I am not comfortable with this term of Officer, although I am the Founder, I would like to mentor and groom a young professional to assume this position. The Board insists that is for my own good but I see it as a way for them not to have to assume this responsibility or run for this office. How do I stand my ground?
You cannot do this by the bylaws at all. I also doubt this can be done even by proxy depending on your state nonprofit laws. The board needs to hire an attorney or they can expect to be dragged into the courtroom at some point. You will be dragged right along with the board as well, most likely.
Hire an attorney or pray for exceptional luck. What they are doing and you may consider is fraught with loads of problems.
This answer is for informational purposes only and is not legal advice regarding your question and does not establish an attorney-client relationship.
Attorney Murillo is absolutely correct. You are president of a Non-Profit. Corp. In most instances Non-Profit. Corp.'s are for the benefit of the public or its members - not the president or the Board. Bearing this in mind, the Non-Profit. Corp. should have by-laws that preserve the integrity of the entity, and comply with Texas law. Typically, non profit corp. statutes mandate term limits for officers and Board members. Failure to comply with these statutes can cause the corp. to lose its non profit status, and you to have legal problems that you don't need.
Stand your ground by submitting to the Board that you unconditionally reject being appointed/elected "President for Life", and that your first decision as the new president is to hire an attorney to review all the corp.'s documents, and submit recommendations to you and the Board.
Phillip M. Smith Jr.
Los Angeles Tax & Business Attorney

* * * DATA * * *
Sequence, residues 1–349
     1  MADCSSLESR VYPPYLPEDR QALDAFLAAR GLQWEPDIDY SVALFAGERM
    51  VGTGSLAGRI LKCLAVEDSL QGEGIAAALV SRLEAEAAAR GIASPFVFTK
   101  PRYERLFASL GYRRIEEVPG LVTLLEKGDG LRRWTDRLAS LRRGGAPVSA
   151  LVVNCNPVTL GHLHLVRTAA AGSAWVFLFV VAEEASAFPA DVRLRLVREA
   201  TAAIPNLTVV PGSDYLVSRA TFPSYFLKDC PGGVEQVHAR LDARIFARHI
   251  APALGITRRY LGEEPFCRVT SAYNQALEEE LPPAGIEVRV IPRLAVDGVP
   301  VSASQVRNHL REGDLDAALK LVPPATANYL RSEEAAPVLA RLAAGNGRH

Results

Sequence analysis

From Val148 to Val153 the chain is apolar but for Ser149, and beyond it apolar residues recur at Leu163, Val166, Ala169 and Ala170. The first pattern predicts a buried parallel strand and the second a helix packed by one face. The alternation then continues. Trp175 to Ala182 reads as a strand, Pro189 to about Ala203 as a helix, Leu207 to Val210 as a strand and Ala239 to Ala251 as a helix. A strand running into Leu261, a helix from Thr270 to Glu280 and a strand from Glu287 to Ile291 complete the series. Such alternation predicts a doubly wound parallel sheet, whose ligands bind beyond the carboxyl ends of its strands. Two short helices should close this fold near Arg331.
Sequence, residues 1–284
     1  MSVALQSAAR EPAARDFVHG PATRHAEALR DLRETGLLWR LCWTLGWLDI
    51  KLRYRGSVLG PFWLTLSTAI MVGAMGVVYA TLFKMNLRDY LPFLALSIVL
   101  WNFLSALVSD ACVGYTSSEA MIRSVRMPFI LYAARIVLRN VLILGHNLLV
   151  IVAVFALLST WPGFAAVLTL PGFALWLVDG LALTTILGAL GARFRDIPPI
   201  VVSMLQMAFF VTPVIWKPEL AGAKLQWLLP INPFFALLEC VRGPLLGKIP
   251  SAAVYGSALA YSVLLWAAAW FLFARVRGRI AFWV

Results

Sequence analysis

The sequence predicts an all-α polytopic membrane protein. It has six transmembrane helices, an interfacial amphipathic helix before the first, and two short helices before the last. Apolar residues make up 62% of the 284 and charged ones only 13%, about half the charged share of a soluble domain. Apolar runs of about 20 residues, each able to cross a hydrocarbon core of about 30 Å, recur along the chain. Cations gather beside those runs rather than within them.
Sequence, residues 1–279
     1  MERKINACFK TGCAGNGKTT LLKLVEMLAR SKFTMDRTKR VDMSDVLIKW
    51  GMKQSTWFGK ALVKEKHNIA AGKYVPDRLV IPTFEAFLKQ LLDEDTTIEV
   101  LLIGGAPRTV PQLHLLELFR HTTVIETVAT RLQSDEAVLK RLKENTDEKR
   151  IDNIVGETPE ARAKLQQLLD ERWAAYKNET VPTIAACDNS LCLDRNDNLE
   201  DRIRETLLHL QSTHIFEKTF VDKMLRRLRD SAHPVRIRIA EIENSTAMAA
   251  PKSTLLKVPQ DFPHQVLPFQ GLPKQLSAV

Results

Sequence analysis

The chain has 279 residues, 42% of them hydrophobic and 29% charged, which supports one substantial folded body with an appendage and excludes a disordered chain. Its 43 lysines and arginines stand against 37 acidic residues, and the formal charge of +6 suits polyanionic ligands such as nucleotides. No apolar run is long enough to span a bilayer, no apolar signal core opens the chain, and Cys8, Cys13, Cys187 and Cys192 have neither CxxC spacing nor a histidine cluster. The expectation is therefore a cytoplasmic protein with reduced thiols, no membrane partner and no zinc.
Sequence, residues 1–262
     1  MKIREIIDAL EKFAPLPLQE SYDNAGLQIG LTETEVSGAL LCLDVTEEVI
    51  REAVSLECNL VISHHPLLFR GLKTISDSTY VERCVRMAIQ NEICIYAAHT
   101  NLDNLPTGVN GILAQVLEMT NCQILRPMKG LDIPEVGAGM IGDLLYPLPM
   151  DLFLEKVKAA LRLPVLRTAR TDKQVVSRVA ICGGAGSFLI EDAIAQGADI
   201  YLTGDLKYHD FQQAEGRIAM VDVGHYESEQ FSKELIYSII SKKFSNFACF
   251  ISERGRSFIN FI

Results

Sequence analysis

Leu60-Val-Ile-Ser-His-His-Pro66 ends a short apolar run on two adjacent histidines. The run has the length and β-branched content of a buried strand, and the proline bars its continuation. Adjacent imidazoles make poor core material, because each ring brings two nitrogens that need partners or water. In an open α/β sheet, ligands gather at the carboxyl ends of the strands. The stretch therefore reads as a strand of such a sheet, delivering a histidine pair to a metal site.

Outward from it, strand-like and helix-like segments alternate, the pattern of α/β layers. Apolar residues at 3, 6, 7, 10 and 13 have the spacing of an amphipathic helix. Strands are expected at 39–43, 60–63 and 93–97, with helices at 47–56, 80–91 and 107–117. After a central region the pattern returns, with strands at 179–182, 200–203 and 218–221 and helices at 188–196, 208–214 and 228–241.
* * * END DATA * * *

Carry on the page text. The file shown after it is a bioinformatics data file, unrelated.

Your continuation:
Licensed in the United States Tax Court
Call: 323-292-4116 or 562-505-1004
THESE COMMENTS ARE NOT LEGAL ADVICE. They are provided for informational purposes only. Actual legal advice can only be provided after consultation by an attorney licensed in your jurisdiction. The answer to question does not create an attorney-client relationship or otherwise require further consultation. Mr. Smith is licensed to practice law throughout the state of California with offices in Los Angeles County. He is authorized to handle IRS matters throughout the United States, and is also licensed to practice before the United States Tax Court. His phone number is 323-292-4116 or his email address is email@example.com.
Although the title "President for Life" sounds more like one used by a South American dictator there is actually nothing of which I am aware that would prohibit it being used. Further, the Bylaws is precisely where it would be defined. Having said that, the reasoning of the board simply makes no sense because the title of the chief officer has nothing to do with how long he/she may serve. It is common for bylaws of non-profits to provide that any officer shall serve until his/her successor is elected. But Texas non-profit corporate laws provide for when board members must stand for election and board members always have the power to elect new officers. So, even if the bylaws somehow said "Joe Blow shall be president for the duration of his life", it would conflict with Texas law and be a void provision. Now, an answer to a question you did not ask. Bylaws are documents that define the legal rights and structure of any entity. Neither you nor any other person who is not licensed to practice law can draft them. That would be practicing law without a license. You can draft documents for yourself (e.g. wills, contracts, etc) but you cannot draft a legal document for someone else and the corporation is a legal entity that is someone else. Get a lawyer. You and the board do not know what you do not know.
DISCLAIMER: This is not specific legal advice and does not establish an attorney/client relationship.